1 May 2002
Fiber optics and alarms
“Like any new technology, fiber-optic cable is exploding in the industry,” said Dave Ozarowicz, the new ISA SP67.17 subcommittee chairman and principal engineer at Nuclear Management Co., Kewaunee Nuclear Power Plant. Ozarowicz said through all his research he’s found no installation and application standards—at least none for the application of fiber-optic cable. “There are other cable manufacturer standards out there but nothing for installation applications—nothing applicable to what we’re looking for,” he said.
ISA SP67.17, Fiber Optic Cable in Nuclear Power Plants and Other Nuclear Facilities, is one of two ISA committees seeking members to insert new standards into the industry’s repertoire within the next year. The purpose of the new SP67 standard is to establish requirements and boundaries for the installation of nonconductive fiber-optic cable in plants with safety- and non-safety-related instrumentation. It will also cover storage, testing, tagging, installation (indoor, outdoor, and underground), and termination of nonconductive fiber-optic cable.
Ozarowicz said the nuclear industry has strict requirements to address: “restrictions on design, routing, penetrations, fire ratings, redundancy and fail safe, testing, and quality assurance, so we need something really specific.” He’s been pushing to get guidelines out to the industry because “it’s a growing technology, and most any new instrumentation uses cable,” he said. “Fiber-optic cable is new to a lot of areas, so there aren’t good guidelines out there.”
Although other standards could be developed in the fiber-optic components—detectors, transmitters, and the like—this subcommittee will focus only on a single type of nonconductive fiber-optic cable.
The committee is looking for input from anyone who would use the standard for installation applications in the industry: nuclear facilities, government Department of Energy facilities, fiber-optic cable manufacturers, those in research areas of universities for applications of fiber-optic cable in nuclear radiation fields, or engineering consultants who do work for nuclear plants. The subcommittee plans to first identify interested members and communicate online for the second half of 2002 to build a draft. It will probably meet in the spring of 2003.
NEW ALARMS COMMITTEE
As ISA’s SP18, Instrument Signals and Alarms, new committee chairwoman, Lexa McAdams is also seeking members. The original standard, ANSI/ISA-18.1, Annunciator Sequences and Specifications, was published in 1979 and reaffirmed in 1992. “We need to investigate the potential to address alarm management and nonhardware annunciators,” said McAdams, senior control systems engineer at Bechtel National Inc. in Richland, Wash.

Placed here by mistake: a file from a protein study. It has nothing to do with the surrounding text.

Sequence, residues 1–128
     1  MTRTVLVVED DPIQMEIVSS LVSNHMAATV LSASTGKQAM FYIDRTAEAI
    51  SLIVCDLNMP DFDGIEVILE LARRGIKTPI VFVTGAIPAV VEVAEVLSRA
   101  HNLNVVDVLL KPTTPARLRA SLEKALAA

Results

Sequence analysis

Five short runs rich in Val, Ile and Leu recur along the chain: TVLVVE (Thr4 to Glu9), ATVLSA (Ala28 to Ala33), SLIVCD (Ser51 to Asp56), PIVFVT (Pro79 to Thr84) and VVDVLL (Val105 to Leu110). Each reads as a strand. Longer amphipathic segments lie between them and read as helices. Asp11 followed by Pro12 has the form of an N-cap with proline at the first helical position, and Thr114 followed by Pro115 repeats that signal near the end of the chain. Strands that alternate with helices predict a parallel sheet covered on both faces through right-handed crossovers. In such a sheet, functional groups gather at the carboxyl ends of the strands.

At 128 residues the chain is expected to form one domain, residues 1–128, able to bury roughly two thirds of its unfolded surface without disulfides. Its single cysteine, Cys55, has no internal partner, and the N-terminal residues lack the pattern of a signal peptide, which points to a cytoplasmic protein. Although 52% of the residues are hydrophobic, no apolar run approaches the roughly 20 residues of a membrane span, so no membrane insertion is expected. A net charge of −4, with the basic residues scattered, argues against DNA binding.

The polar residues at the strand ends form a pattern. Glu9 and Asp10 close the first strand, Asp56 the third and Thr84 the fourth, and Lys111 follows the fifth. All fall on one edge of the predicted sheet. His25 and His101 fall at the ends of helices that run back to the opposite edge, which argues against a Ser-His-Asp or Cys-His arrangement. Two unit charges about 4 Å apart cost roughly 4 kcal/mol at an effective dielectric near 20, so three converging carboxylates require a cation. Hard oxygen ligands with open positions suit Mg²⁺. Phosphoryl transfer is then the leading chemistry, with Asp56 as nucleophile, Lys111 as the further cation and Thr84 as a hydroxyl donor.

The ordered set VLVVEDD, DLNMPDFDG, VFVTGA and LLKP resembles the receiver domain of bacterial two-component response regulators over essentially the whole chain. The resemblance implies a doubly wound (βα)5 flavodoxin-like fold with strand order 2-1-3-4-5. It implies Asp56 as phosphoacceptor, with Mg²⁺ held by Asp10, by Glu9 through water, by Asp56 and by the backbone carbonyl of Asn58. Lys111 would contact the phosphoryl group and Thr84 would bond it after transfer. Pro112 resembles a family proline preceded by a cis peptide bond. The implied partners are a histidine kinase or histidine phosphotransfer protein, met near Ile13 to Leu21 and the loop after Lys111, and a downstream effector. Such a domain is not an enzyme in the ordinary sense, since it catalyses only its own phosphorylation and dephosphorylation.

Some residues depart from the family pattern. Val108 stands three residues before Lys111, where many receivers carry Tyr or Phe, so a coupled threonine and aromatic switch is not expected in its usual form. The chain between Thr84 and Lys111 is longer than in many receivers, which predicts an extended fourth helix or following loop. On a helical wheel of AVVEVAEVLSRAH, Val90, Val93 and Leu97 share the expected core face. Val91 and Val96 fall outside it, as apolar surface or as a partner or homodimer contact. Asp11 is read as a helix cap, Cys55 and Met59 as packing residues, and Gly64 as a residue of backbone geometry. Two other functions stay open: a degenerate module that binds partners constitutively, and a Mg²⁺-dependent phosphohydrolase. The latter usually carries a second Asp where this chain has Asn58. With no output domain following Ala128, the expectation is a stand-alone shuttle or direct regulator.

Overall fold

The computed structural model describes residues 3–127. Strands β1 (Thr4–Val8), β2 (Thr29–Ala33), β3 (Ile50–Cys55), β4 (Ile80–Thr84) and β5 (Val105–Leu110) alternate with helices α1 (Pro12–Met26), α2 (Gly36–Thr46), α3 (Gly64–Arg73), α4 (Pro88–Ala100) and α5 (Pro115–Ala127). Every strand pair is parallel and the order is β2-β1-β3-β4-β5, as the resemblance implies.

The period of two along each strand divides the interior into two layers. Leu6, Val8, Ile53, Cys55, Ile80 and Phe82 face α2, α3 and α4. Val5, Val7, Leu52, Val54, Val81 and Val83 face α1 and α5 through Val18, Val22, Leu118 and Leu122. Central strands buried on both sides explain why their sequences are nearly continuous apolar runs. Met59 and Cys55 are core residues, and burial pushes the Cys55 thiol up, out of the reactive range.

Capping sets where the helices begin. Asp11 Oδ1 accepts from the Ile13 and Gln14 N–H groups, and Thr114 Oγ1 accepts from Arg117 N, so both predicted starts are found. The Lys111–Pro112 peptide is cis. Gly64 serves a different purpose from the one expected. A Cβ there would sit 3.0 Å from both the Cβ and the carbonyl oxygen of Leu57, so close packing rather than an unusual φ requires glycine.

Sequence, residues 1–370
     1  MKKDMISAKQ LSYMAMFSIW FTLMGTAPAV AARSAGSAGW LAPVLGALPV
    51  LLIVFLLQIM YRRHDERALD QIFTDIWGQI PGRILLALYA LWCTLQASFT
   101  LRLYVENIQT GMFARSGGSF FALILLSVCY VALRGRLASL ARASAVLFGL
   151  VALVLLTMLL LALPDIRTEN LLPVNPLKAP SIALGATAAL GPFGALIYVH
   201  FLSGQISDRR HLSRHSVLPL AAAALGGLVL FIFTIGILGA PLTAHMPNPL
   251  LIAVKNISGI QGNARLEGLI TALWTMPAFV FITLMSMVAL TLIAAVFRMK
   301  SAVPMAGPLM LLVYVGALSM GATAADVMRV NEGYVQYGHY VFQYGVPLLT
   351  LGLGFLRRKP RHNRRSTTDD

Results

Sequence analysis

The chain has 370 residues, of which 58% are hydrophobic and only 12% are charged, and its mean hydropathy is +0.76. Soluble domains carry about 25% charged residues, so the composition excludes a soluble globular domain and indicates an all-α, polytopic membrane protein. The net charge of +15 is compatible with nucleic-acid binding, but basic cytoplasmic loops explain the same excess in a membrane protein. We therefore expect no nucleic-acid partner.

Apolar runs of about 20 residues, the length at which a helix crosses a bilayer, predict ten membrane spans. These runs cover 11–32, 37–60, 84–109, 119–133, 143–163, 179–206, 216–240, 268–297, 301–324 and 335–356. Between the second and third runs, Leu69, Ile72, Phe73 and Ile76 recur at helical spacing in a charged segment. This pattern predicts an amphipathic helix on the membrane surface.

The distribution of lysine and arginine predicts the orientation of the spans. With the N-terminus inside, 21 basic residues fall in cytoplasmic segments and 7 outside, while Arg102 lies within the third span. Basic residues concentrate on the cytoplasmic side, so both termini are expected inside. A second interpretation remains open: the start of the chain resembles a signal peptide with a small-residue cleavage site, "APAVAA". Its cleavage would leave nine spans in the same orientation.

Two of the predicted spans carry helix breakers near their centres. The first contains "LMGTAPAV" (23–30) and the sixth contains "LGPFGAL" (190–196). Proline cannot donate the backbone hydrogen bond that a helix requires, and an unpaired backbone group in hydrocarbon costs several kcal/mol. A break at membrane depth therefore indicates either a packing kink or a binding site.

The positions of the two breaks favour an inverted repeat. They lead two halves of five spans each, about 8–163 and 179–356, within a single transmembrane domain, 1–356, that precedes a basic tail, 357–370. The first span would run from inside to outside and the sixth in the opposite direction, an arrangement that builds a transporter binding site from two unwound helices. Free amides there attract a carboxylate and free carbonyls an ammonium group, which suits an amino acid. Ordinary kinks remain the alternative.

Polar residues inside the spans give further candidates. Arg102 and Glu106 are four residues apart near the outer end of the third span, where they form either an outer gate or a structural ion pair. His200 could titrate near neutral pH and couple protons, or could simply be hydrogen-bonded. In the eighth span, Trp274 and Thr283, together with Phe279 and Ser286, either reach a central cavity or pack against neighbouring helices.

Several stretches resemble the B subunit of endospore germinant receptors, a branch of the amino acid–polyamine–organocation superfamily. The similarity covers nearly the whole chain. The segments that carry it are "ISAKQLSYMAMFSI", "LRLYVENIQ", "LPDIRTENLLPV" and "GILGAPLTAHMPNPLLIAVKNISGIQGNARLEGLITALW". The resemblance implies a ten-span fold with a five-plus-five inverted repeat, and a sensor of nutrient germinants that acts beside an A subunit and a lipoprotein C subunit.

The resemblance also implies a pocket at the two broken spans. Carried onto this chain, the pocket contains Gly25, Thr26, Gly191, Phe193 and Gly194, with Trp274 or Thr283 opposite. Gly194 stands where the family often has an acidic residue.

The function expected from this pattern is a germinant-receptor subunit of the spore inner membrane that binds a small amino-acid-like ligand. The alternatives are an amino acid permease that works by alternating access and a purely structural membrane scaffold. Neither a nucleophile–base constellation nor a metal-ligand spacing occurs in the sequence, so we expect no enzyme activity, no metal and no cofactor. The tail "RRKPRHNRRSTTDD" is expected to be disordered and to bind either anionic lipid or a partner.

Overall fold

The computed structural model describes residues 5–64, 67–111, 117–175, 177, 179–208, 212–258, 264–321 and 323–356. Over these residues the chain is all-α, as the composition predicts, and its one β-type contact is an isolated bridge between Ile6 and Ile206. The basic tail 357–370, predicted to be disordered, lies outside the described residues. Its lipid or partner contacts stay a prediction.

An annunciator is a panel that gives alarms and indications used in any industry—nuclear or process waste industries, McAdams said. According to the original standard’s scope, “annunciators can range from a single annunciator cabinet to complex annunciator systems with many lamp cabinets and remote logic cabinets.”
“We have software annunciators from distributed control systems and PLC systems to screen-type alarm systems,” McAdams said. “The way you’d manage these alarms is different from the way you’d manage them on hardware annunciators.”
Control systems are still evolving, and the committee is implementing aspects of previous control systems in different ways, said Erwin Icayan, managing director of SP18 and president of Aces Inc., a control systems designer and integrator in Richland, Wash. “The old wall-sized alarm board functions are now on the alarm management screens of the control systems, with more sophisticated information and navigation properties,” he said.
Because the current standard doesn’t address these issues, SP18 will try to provide a useful set of guidelines for developing and maintaining these types of implementations.
McAdams said she is interested in the committee because of a project she was working on with a British company that asked about standardization on “how to manage alarms on a computer software system.” The existing standard doesn’t quite fit the bill, McAdams said. “I’m hoping we can find a consortium of people interested in making sure the sequences and specifications for hardware are kept up, but we can develop a parallel of annunciator sequences and alarm management standards throughout the industry.” IT
|Anyone interested in joining either of the two committees should call ISA standards information administrator Loanna Overcash at (919) 990-9234 or e-mail her at firstname.lastname@example.org|
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